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The Spy with a Cold Nose (1966)

| Comedy | 1967 (Austria)
A dog with a spying device under its skin is sent to the Russian government as a present. When the Russians send the dog to a veterinary, British spy must get to the dog first and retrieve the spying device.

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(story), (story) | 2 more credits »
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Nominated for 2 Golden Globes. See more awards »
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Cast

Cast overview, first billed only:
...
...
Princess Natasha Romanova
...
Stanley Farquhar
...
Wrigley
...
British Ambassador
...
Pond-Jones
...
Russian Prime Minister
Robert Flemyng ...
Director of M.I.5
June Whitfield ...
Elsie Farquhar
...
Russian Intelligence Chief
Robin Bailey ...
Man with Aston Martin
...
American General
Nai Bonet ...
Belly Dancer
Michael Trubshawe ...
Braithwaite
Bruce Carstairs ...
Butler
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Storyline

A dog with a spying device under its skin is sent to the Russian government as a present. When the Russians send the dog to a veterinary, British spy must get to the dog first and retrieve the spying device.

Plot Summary | Add Synopsis

Taglines:

This is a Riot for Every Tom, Dick and Mata-Hari

Genres:

Comedy

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Details

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Release Date:

1967 (Austria)  »

Also Known As:

Der Spion mit der kalten Nase  »

Company Credits

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 »
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Technical Specs

Runtime:

Sound Mix:

(Westrex Recording System)

Color:

(Eastmancolor)
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Did You Know?

Trivia

Paul Simon was asked to write songs for this movie, but turned down the job. See more »

Quotes

Stanley Farquhar: Do you know what I got in there?
Dr. Francis Trevelyan: Not until you open it.
Stanley Farquhar: No, of course not.
See more »

Connections

References Bonanza (1959) See more »

Soundtracks

Bonanza
(uncredited)
Written by Ray Evans and Jay Livingston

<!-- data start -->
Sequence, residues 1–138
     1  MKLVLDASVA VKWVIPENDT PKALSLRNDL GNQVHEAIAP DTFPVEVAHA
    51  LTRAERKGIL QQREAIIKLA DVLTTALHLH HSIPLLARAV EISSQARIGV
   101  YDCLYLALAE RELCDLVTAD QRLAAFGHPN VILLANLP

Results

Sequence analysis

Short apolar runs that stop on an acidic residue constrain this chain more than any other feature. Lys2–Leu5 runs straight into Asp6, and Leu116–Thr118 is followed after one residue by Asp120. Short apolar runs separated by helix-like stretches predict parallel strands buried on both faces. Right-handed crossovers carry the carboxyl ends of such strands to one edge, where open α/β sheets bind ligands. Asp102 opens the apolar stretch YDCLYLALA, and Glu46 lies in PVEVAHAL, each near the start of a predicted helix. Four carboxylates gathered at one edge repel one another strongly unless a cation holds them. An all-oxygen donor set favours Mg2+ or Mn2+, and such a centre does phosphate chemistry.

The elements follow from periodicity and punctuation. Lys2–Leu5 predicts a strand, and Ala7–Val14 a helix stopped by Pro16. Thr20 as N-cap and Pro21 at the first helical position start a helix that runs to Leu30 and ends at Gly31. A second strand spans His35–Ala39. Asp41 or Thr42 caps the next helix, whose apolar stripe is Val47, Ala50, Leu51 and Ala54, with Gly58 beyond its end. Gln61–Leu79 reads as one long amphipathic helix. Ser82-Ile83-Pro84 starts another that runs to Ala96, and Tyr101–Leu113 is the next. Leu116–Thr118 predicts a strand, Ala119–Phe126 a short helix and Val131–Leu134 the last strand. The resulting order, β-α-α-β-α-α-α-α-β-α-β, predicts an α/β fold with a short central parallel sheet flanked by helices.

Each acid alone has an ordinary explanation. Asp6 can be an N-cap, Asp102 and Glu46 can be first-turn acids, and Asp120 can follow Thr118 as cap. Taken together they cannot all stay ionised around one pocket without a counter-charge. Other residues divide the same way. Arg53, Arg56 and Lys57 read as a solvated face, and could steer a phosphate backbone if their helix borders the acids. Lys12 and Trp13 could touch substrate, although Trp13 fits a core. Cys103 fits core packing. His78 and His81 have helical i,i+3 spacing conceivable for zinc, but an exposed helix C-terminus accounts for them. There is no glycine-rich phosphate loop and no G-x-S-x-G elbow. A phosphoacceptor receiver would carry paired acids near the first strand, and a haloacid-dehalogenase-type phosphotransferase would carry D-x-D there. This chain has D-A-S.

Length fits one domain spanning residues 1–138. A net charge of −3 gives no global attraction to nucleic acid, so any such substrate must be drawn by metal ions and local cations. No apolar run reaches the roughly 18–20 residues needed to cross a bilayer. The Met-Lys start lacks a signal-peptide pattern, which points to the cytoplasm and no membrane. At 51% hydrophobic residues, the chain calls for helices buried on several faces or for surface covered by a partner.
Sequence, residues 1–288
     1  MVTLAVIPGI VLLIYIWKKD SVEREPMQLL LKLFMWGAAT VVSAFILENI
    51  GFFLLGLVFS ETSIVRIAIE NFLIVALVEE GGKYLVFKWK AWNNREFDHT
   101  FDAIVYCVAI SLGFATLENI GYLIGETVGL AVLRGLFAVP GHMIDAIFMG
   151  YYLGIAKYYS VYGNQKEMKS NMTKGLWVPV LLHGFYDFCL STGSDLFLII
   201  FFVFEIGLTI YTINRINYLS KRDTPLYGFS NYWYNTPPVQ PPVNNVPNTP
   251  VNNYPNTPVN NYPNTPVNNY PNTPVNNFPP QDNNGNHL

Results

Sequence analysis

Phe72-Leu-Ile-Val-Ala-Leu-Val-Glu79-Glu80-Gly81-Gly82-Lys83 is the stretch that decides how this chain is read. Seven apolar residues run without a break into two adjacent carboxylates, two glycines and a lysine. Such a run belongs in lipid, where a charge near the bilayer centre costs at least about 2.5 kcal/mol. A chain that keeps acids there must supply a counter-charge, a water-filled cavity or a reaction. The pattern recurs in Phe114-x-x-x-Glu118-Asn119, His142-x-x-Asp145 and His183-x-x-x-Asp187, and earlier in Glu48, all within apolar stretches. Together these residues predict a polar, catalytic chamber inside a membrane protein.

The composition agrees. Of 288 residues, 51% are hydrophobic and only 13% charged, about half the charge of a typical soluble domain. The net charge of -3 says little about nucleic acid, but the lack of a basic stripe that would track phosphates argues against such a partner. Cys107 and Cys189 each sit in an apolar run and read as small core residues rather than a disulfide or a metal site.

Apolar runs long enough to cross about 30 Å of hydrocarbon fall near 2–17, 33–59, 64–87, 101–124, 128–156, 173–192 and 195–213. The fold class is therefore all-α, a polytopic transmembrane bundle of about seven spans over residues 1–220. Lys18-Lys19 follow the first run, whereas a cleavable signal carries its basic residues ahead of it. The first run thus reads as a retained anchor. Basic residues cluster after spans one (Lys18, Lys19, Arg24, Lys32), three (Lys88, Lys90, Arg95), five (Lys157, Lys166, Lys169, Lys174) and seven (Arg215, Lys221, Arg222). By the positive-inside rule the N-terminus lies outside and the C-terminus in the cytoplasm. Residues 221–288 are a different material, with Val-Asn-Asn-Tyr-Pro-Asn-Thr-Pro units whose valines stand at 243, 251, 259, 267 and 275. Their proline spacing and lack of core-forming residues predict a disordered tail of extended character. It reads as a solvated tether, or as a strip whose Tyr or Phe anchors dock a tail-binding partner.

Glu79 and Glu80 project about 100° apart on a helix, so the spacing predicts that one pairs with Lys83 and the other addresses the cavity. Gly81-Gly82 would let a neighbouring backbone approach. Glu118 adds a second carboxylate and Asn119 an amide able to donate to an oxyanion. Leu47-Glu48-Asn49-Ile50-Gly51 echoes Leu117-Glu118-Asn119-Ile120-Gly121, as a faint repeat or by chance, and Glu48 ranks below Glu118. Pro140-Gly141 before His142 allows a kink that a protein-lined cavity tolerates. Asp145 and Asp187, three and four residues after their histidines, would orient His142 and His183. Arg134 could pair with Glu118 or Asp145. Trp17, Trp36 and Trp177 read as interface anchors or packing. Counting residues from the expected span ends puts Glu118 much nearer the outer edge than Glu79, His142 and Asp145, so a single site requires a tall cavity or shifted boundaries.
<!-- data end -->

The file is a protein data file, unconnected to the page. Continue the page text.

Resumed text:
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User Reviews

 
Classic British comedy
1 July 2007 | by (London, England) – See all my reviews

This is hilarious and I think one of my favourite films ever. Reasons to see it: It was written by Galton and Simpson, writers of 'Hancock' and 'Steptoe and Son', on top form.

It stars British comedy super-god Lionel Jeffries, and is his finest hour and a half (apart from directing 'The Railway Children').

It co-stars two other absolute gods of British cinema, Laurence Harvey and Eric Portman. I don't think I've seen either of them in a comedy apart from this, and I don't know why not because they're brilliant in it. Also Colin Blakely as the Russian premiere. And Denholm Elliott and Eric Sykes, both of whom I'd completely forgotten about until I re-watched it, which is a measure of how good the others are. And holding up the American end, the colonel out of Bilko, briefly.

In a nutshell, Jeffries is a downtrodden suburban family man and low-grade spy with James Bond fantasies who masterminds a cunning scheme to obtain intelligence by surgically implanting a radio transmitter in a dog presented to the Russian leader (the cold-nosed spy of the title), aided by Harvey as a high-tone society vet with a terrible secret. Perhaps it's just Jeffries' ballpark resemblance to him, but I was reminded a bit of some of S. J. Perelman's stuff, that character he created for himself of the put-upon shlub with delusions of grandeur and dreams of romance, yanked out of his golden reveries by the banal importunities of wife and kids. But of course it's also a recurring character in British comedy - similar to the ones Galton and Simpson wrote so gloriously in Hancock and Steptoe but with an added dash of irritability - that character of the neurotic, frustrated Napoleon of Suburbia - growing up everyone in Britain had a friend with a slightly scary Dad like this. Jeffries nails it here. Perhaps the funniest of the early scenes are the ones with him at home, the tetchy paterfamilias overrun by his noisy children and wife June Whitfield ('Can't you control your spawn?' he snaps).

While most of the comedy comes from the Jeffries character, as I say Laurence Harvey is a comic revelation as a suave combination of gigolo and quack and the clash between them is great. It is very British and I suspect a bit old-fashioned for some people's tastes. Connoisseurs of Groovy London films should look out for one of those gratuitous pop-music and dance scenes the American producers insisted on inserting

  • in this case a completely unexplained sequence of Daliah Lavi dancing


energetically by herself - but the swinging 60s elements are really just superimposed on a film that for the most part harks back to an earlier era.

Anyway, I found it hysterical, and have no idea why it isn't better known. If you like this kind of thing, then this is the kind of thing you'll love.


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